World War II had a major impact on many. Within baseball, America’s past time, the level of impact varied from player to player. Players like Ted Williams, Joe DiMaggio, Stan Musial and Bob Feller interruption deprived them of several seasons that affected their total legacy, but they basically came back as the same player and it was just an interruption in their Hall of Fame careers. Others, like Mickey Vernon, Johnny Pesky, and Dom DiMaggio had substantial careers that fell just short of Hall of Fame stature, but probably would have made it without the years spent in the service. This is very speculative, but it should be noted that fewer players born in the 1910-1925 time frame were elected to the Hall of Fame than any other 15 year period in the 20th century. There probably was a budding Willie Mays or Warren Spahn who was either killed or grievously injured in Europe or the Pacific. Besides these unknown players that gave their lives for freedom, there is one player whose career was most impacted by the world wide conflict.
Cecil Travis was born in Riverdale, Georgia on May 16th, 1913. He was the youngest of ten children. He took up baseball in high school and played in a semi-pro league in Arkansas. At 16 he was signed by the Chattanooga Lookouts of the Southern Association. He hit .424 in 13 games. The Washington Senators purchased his contract from the Lookouts, but allowed him to remain on Chattanooga’s roster for the 1931 season. He collected 203 hits and batted .356 as a 19 year old in 1932. Travis got a call from the big club in 1933, when their regular third baseman, Ossie Bluege was out due to injury. He played 18 games and batted .302, but was sent back to the minors when Bluege returned.
In 1934, he replaced Bluege as the regular third baseman, but his progress was interrupted when he was beaned by the Cleveland Indians’ Thornton Lee in June. After 12 days in the hospital he returned to the line-up and faced Lee again. Travis tripled on the first pitch. He finished the season with a OBP/SA/OBPS of .361/.403/.764 as a 22-year-old. After the Senators dealt their Hall of Fame shortstop, Joe Cronin, to Boston in 1935, they gradually moved their young third baseman to fill the void at that position.
Travis continued to improve, both with the glove and at the plate, being a four time All Star and finishing in the top eleven of three MVP votes. In 1941, he had an incredible season. Everybody knows that was the year Joe DiMaggio hit in 56 straight games and Ted Williams hit .406. But what you probably don’t know is that Cecil Travis finished second to Williams with a .359 batting average and led the American League with 218 hits.
The Japanese attacked Pearl Harbor on December 7th, 1941, and Cecil Travis was drafted into the United States Army prior to the 1942 season. He was one of the few ballplayers who was an actual soldier during the war, serving in the 76th Infantry Division. Marching towards Germany in the winter of 1944 he remembered, “We were moving so fast taking all these towns that we just slept anywhere we could.”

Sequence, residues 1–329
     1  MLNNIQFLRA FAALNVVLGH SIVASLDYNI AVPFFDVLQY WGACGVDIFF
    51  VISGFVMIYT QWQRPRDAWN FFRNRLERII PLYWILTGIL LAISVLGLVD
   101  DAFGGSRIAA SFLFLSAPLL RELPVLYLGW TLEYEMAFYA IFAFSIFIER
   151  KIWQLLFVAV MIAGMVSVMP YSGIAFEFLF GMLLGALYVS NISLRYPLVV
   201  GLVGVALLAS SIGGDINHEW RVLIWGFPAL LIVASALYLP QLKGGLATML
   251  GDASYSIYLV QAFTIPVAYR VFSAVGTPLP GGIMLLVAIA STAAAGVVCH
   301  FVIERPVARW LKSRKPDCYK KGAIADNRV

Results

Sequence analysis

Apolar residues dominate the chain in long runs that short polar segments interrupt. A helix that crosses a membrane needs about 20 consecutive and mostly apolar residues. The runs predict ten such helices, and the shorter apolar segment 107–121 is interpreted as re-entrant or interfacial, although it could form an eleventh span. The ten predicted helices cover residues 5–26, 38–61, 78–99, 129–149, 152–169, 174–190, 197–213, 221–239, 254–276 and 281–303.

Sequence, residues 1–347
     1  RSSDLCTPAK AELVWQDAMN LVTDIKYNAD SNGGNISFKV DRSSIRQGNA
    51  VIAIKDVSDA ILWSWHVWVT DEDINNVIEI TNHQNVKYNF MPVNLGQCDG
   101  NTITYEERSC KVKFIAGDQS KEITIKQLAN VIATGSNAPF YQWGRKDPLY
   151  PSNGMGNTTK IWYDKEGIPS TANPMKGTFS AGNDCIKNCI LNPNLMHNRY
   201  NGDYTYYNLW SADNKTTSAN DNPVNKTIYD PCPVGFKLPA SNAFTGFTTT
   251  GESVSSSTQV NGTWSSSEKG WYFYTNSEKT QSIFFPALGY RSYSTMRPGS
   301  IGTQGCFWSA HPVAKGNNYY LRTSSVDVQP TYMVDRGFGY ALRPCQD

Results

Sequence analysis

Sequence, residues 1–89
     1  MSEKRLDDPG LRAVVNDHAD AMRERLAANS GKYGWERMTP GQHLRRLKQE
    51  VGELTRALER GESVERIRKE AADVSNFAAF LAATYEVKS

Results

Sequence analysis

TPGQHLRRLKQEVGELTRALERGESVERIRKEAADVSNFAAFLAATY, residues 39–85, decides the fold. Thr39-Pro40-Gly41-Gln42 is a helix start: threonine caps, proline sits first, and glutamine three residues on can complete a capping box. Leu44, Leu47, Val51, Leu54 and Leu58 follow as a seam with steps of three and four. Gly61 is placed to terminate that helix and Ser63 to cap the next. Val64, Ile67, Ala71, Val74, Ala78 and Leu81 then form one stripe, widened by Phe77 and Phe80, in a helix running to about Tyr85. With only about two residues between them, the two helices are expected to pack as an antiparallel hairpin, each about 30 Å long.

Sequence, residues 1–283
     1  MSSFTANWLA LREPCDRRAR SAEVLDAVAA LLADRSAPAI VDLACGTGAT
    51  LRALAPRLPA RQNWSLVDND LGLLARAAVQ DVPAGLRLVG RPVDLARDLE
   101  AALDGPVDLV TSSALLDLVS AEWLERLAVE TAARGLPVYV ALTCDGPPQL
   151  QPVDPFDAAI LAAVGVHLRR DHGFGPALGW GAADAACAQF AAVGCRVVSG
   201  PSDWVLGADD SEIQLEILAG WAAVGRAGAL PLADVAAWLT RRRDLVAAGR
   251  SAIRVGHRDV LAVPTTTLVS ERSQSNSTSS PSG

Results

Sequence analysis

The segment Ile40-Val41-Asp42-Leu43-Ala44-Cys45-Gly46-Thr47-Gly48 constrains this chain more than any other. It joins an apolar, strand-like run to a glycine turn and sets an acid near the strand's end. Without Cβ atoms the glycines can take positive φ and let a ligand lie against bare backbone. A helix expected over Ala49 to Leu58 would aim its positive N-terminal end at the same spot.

Travis found himself in Bastogne in December when the German’s launched their winter offensive, precipitating a engagement known to history as “The Battle of the Bulge.” Shivering in a foxhole he got frostbite on his toes. “It was the cold that got to us. We just shivered all through the night. I’ll never forget the cold as long as I live,” he said afterwards. After several surgeries he was sent home, but then volunteered to go to the Pacific and train for the invasion of Japan. Fortunately, President Harry Truman elected to drop the Atomic Bombs on Hiroshima and Nagasaki in August and the war came to a quick end and no more was demanded of that generation of American men.
He returned to the Senators at the end of the 1945 season. He was now 32 years old, and due to his wartime injuries had lost his speed and most of his mobility. He wasn’t close to being the same player. “My problem when I got back to baseball was my timing, I could never seem to get it back the way it was after laying out so long.”
He played 137 games in 1946, but hit only .252. He came back in 1947, but after 74 games convinced himself that he could no longer play. “I saw I wasn’t helping the ball club, so I just gave up.” On August 15th the Washington Senators held a “Cecil Travis Day” at Griffith Stadium. In attendance was General Dwight David Eisenhower.
So, how good was Cecil Travis? Without the war would he be enshrined in Cooperstown? He was only so-so with the glove, but he was a very good hitter. Bill James speculates that without the war Travis had a 37% chance of achieving 3,000 hits. His .314 career batting average is third among shortstops already in. His career On Base/Slugging Avg./On Base Plus Slugging was .370/.416/.786 about even with Robin Yount’s .342/.430/.772 and Cal Ripken’s .340/.447/.788. The most similar player to him through age 27 was Hall of Fame second baseman, Billy Herman, second most similar was Hall of Fame shortstop, Joe Sewell, third most similar was the Hall of Famer Eddie Collins, who we have rated as the greatest second baseman in history. As a hitter he was as good as any shortstop. Ted Williams when asked to compare himself to Joe DiMaggio as a hitter in 1941 responded, “Hell, In 1941 Cecil Travis was as good as either of us!”
Cecil Travis’ life has not been totally obscured. Tom Brokaw spotlighted him in his 1998 book “The Greatest Generation”. He died at home in his boyhood town of Riverdale at the ripe old age of 93 in 2006. Earlier he had explained his life choices modestly. “Baseball is only a game” he said, and summed up his sacrifice superbly “I did the right thing. I’m proud of that.”